The process of channel movement in a meander system involves rotation and translation of meander loops and an increasing path length. The amount of path-length increase is directly proportional to the impulse supplied by discharge and is inversely proportional to the silt-clay percentage of the material composing the channel perimeter.
Comparable paths have been obtained by standardizing measurements with a sine-generated curve and a moving reference axis. Analysis of previous investigations and time-of-travel data indicates that the discharge effective in channel formation consists of the range beginning just higher than the average and continuing throughout all higher discharges. Of six field sites investigated, three meander systems had path-length increases of sufficient magnitude to correlate with above-average discharge volume, one had no discernible change over a 30-year period, and two had changes which were too small for correlation owing to the short period of time covered by the available data.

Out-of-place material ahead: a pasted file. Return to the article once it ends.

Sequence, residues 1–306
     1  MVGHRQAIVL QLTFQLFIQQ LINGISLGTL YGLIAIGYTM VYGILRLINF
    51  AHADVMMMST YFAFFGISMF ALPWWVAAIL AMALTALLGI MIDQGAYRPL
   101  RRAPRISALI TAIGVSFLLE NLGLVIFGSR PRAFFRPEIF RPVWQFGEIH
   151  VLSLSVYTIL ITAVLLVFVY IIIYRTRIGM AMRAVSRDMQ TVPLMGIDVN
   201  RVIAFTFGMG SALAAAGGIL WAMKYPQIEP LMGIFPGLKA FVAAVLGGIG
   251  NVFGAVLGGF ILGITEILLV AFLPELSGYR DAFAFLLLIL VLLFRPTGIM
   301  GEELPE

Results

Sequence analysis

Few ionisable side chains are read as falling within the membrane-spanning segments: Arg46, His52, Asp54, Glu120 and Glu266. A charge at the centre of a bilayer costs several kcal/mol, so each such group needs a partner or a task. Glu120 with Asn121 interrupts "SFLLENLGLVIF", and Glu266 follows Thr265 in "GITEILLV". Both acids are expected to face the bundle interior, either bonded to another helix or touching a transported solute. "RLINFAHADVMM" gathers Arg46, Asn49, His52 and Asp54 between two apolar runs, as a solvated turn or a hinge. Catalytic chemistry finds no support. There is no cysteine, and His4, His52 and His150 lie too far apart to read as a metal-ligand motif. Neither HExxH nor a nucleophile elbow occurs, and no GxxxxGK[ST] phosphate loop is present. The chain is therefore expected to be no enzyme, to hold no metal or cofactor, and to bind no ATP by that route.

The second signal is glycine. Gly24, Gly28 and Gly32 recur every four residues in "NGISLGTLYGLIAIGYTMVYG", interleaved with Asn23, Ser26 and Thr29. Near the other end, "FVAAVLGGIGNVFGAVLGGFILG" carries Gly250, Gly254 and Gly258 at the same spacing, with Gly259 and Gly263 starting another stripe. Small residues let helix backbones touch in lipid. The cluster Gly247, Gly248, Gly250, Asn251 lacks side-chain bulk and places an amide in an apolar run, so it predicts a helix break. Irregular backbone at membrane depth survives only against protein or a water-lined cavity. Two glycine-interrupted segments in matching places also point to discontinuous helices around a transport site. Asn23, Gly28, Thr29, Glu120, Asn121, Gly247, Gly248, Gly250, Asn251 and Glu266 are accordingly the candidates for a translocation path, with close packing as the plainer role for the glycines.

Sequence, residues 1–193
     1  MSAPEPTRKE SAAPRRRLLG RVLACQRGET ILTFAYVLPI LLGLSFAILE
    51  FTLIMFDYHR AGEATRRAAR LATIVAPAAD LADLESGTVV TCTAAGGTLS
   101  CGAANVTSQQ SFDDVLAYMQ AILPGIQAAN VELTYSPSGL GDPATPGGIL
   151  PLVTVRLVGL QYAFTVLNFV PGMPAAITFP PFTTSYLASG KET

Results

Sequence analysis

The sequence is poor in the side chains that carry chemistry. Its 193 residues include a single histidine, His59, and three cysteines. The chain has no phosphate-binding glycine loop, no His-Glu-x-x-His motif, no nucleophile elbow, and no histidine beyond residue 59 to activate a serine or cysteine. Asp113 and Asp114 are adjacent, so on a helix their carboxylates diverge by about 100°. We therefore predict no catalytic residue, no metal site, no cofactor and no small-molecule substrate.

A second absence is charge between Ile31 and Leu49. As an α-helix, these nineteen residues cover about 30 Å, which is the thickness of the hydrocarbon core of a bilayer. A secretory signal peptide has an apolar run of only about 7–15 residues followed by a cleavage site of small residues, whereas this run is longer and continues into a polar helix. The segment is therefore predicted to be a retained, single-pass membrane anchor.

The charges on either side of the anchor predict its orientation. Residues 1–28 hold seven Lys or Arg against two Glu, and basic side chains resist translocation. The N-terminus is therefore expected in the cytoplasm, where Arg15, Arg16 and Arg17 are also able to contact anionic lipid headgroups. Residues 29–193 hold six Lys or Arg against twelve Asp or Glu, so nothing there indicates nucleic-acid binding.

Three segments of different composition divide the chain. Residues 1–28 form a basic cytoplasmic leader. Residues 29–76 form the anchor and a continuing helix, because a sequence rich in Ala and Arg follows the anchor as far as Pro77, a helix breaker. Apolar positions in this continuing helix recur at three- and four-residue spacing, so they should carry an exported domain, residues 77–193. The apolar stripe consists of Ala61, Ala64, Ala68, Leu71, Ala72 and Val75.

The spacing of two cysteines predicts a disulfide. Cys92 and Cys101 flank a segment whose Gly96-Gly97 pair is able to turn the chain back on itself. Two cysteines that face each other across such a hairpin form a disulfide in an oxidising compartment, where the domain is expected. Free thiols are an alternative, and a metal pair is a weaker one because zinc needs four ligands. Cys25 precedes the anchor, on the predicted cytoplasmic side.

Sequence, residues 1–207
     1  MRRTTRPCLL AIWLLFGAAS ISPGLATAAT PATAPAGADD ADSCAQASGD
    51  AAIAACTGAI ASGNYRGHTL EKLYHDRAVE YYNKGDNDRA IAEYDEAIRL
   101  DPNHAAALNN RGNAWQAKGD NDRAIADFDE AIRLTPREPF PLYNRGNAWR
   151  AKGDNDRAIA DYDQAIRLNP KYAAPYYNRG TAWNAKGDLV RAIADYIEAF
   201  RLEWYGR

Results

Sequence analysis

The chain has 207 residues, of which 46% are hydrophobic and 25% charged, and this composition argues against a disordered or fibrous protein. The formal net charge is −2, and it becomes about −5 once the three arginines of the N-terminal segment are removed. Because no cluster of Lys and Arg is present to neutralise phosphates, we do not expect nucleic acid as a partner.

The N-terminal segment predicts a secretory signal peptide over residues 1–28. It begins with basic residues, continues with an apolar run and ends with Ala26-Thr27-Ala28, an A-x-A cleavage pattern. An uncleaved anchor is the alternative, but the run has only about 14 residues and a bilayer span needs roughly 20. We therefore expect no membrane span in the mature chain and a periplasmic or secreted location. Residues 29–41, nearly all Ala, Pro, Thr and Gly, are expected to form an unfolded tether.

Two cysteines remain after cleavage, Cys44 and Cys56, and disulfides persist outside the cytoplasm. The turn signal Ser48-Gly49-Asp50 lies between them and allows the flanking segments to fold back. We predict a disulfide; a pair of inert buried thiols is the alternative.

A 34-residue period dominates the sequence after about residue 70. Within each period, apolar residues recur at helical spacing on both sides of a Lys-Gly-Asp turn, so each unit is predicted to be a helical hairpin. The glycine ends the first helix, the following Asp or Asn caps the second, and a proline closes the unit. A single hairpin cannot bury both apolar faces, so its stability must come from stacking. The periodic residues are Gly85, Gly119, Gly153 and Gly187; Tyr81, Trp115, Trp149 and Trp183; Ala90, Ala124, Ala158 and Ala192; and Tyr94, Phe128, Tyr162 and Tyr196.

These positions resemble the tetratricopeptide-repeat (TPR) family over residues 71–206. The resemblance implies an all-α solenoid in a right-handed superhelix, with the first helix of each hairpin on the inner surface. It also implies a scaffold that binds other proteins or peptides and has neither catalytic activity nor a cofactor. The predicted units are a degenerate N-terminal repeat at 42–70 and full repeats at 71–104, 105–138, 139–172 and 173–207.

Because of the consistency of yearly above-average discharge volumes, it was possible to develop a general relation between path-length increase per thousand cubic-feet-per-second-days per square mile of drainage area above average discharge and the width-depth ratio of the channel. Little progress was made toward defining relationships for rotation and translation.
|Title||Channel movement of meandering Indiana streams|
|Authors||James F. Daniel|
|Publication Subtype||USGS Numbered Series|
|Series Title||Professional Paper|
|Record Source||USGS Publications Warehouse|
|USGS Organization||Indiana Water Science Center|